Table 1
California Christmas Counts Reporting White-tailed Kites (including Black-shouldered Kite) Between 1900 and 2004
Count Year
# of Birds
# of Counts with Kites
Count Year
# of Birds
# of Counts with Kites
Count Year
# of Birds
# of Counts with Kites
Count Year
# of Birds
# of Counts with Kites
1900 - 1917
0
0
1948
12
5
1968
326
16
1988
1313
61
1918
1
1
1949
3
3
1969
359
30
1989
1231
63
1919-1929
0
0
1950
8
5
1970
439
30
1990
1120
58
1930
1
1
1951
8
5
1971
620
27
1991
1188
58
1931
5
2
1952
41
9
1972
637
31
1992
1068
60
1932-33
0
0
1953
42
10
1973
604
34
1993
1195
58
1934
3
1
1954
79
10
1974
669
33
1994
1196
67
1935
2
2
1955
67
8
1975
875
40
1995
1794
72
1936
1
1
1956
36
9
1976
1436
48
1996
1318
71
1937
8
3
1957
64
11
1977
1275
48
1997
1419
73
1938
3
2
1958
73
10
1978
952
49
1998
1502
70
1939
3
2
1959
67
11
1979
799
45
1999
1368
65
1940
2
2
1960
118
17
1980
1187
56
2000
1966
82
1941
3
2
1961
81
14
1981
1807
69
2001
1950
71
1942
4
1
1962
154
16
1982
1425
64
2002
1666
71
1943
0
0
1963
125
16
1983
1484
65
2003
1385
75
1944
6
3
1964
225
14
1984
2230
66
2004
2046
70
1945
1
1
1965
232
22
1985
1940
74
2005
1785
80
1946
2
2
1966
336
16
1986
1339
64
2006
1623
80
1947
13
6
1967
311
21
1987
1395
66
2007
1991
84

Table 2 
1971 California Christmas Bird Count with observations of at least one White-tailed Kite

NC = No Count

Auburn
NC
Los Angeles
0
Pasadena
4
Anza Borrego
NC
Long Beach
NC
Peace Valley
NC
Angwin
1
Lake Henshaw
NC
Red Bluff
NC
Ano Nuevo
NC
Lost Lake
1
Redding
NC
Arcata
NC
Lancaster
NC
Redlands
0
Bakersfield
NC
Lone Pine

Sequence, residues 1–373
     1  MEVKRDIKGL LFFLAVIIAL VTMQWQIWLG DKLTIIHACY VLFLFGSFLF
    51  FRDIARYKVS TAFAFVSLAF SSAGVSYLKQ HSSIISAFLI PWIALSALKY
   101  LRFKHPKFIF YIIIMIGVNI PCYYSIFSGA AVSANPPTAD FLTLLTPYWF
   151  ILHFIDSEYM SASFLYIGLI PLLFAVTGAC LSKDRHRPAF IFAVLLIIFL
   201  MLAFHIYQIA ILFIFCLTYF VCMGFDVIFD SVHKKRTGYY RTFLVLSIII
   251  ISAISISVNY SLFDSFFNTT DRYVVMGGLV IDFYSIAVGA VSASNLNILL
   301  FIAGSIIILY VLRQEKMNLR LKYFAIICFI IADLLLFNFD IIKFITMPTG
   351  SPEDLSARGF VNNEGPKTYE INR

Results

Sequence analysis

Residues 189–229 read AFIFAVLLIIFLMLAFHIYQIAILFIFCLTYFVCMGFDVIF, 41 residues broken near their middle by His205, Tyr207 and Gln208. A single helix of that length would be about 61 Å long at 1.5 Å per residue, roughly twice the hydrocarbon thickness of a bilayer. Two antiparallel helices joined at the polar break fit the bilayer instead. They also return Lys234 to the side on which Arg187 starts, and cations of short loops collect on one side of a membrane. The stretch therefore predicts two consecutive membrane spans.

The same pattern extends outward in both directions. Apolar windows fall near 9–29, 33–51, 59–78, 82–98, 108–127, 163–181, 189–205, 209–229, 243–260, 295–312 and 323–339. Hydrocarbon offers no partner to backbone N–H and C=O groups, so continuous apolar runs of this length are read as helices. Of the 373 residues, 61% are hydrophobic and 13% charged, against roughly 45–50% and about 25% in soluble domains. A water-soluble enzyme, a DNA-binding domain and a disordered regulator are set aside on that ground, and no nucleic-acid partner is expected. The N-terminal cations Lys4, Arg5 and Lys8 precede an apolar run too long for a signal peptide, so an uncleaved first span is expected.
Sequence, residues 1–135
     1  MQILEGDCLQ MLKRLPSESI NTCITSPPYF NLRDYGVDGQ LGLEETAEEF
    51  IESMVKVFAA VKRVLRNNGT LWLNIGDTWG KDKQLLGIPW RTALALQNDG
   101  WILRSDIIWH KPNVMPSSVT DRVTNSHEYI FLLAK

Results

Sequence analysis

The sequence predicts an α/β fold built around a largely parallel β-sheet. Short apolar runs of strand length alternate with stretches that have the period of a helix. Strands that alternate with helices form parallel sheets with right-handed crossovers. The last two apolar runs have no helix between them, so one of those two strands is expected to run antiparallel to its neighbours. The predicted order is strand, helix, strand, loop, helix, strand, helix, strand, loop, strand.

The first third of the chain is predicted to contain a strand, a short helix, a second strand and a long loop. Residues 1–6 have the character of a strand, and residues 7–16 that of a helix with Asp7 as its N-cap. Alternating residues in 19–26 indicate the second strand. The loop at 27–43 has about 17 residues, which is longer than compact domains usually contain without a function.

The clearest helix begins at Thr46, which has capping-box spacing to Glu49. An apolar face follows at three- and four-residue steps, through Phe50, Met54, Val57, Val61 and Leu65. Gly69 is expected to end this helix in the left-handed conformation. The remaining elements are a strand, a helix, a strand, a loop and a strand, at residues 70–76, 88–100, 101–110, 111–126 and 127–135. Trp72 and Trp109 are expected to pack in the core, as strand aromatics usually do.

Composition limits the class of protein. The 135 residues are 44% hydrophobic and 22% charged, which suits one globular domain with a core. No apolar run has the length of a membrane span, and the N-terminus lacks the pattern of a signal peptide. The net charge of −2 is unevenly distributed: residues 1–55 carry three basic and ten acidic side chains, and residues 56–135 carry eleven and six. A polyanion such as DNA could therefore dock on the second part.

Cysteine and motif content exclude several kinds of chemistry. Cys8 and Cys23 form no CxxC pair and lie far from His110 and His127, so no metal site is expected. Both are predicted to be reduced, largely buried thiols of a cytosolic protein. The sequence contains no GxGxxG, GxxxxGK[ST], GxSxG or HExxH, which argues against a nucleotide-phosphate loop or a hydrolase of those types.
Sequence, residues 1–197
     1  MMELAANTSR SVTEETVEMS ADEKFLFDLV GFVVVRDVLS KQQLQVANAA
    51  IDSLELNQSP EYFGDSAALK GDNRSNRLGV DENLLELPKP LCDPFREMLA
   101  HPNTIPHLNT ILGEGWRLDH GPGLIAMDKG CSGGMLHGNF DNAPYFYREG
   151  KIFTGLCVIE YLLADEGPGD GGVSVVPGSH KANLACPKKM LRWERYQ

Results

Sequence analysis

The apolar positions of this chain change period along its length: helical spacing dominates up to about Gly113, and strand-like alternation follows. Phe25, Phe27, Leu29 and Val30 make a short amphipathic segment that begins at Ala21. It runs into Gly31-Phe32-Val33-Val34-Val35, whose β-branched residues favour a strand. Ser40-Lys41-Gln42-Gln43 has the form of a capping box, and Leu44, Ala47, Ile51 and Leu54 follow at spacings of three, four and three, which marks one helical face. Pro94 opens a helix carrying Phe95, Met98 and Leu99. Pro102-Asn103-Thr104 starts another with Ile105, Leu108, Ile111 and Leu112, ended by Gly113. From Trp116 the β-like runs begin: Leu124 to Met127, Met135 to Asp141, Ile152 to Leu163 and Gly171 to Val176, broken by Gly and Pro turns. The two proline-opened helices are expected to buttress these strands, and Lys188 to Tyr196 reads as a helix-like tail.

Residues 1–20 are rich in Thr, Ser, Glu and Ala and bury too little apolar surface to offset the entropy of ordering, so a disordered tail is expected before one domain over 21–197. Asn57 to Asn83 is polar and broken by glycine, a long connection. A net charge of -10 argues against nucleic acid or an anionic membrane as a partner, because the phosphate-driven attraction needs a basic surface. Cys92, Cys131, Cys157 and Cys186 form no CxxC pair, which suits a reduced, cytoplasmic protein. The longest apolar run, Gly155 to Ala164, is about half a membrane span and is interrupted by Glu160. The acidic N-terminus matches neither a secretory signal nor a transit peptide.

NC
Rancho Santa Fe
NC
Big Bear Lake
0
Lake Almanor
NC
Santa Ana River Valley
NC
Benicia
106
Los Banos
20
Santa Barbara
26
Bear Valley
NC
La Purisima
NC
San Diego
13
Big Sur
NC
LaGrange
NC
San Francisco
NC
Bishop
NC
Marin County
39
Santa Maria
NC
Butterbredt Springs
NC
Moss Landing
25
Salton Sea North
0
Calaveras
NC
Milburn
NC
Santa Catalina
NC
Centerville Beach
34
Mount Hamilton
NC
San Jose
57
Contra Costa County
23
Mineral
NC
South Fork Valley
NC
Clear Lake
NC
Mojave River Valley
NC
San Jacinto Lake
NC
Claremont
NC
Mono Lake
NC
Sacramento
140
Chico
1
Mendocino
NC
Sonora
NC
China Lake
0
Modoc
NC
San Bernardino
0
Carrizo Plains
0
Monterey
0
Springville
NC
Crystal Springs
3
Moro Bay
1
Santa Rosa
36
Caswell
NC
Mount Shasta
NC
Salton Sea South
0
Death Valley
NC
Malibu
0
Stockton
39
Escondido
NC
Morongo Valley
NC
San Juan Capistrano
NC
Etna
NC
Oakland
1
San Fernando Valley
0
Folsom
NC
Orange County
27
Sierra Valley
NC
Falls River Mills
NC
Orange County (Northeast)
12
Tehachapi
NC
Grass Mountain
NC
Oroville
1
Tule Lake
NC
Grass Valley
NC
Oceanside
7
Thousand Oaks
NC
Hayward
34
Palo Alto
22
Truckee
NC
Honey Lake
0
Panoche Valley
NC
Ukiah
NC
Hollister
0
Putah Creek
NC
Ventura
NC
Idyllwild
0
Pinnacles
NC
Willow Creek
NC
Joshua Tree
0
Parkfield
NC
Western Sonoma County
0
Kern River Valley
NC
Palos Verdes
1
Yosemite
0
Lewiston
0
Point Reyes
12
Yreka
NC

Table 3
1997 California Christmas Bird Count with observations of at least one White-tailed Kite

Auburn

44

Los Banos

82

Rancho Santa Fe

15

Angwin

4

La Purisima

11

Santa Ana River Valley

2

Ano Nuevo

55

La Grange

17

Santa Barbara

43

Arcata

8

Marin County

28

San Diego

17

Bakersfield

1

Moss Landing

30

San Francisco

2

Benicia

118

Milburn

2

Santa Maria

27

Bishop

1

Mendocino

16

San Jose

19

Centerville Beach

24

Monterey

3

South Fork Valley

1

Contra Costa County

26

Moro Bay

34

San Jacinto Lake

40

Clear Lake

7

Malibu

8

Sacramento

63

Claremont

9

Oakland

11

San Bernardino

7

Chico

5

Orange County

56

Springville

8

Carrizo Plains

3

Orange County (Northeast)

29

Santa Rosa

41

Crystal Springs

3

Oroville

8

Salton Sea South

5

Caswell

26

Oceanside

31

Stockton

49

Escondido

24

Palo Alto

26

San Juan Capistrano

14

Folsom

59

Putah Creek

7

San Fernando

2

Hayward

38

Pinnacles

1

Tule Lake

1

Hollister

20

Parkfield

1

Thousand Oaks

32

Kern River Valley

1

Palos Verdes

5

Ukiah

16

Los Angeles

8

Point Reyes

43

Ventura

16

Long Beach

2

Padadena

5

Willow Creek

1

Lake Henshaw

2

Peace Valley

23

Western Sonoma County

7

Lost Lake

7

Red Bluff

14

73 counts, 1425 Birds identified

Average per count = 20

Lancaster

2

Redlands

3

 


 

Chapter 4 - Similar Species

Appendices

Lesson Plans
Top
Avian Conservation Glossary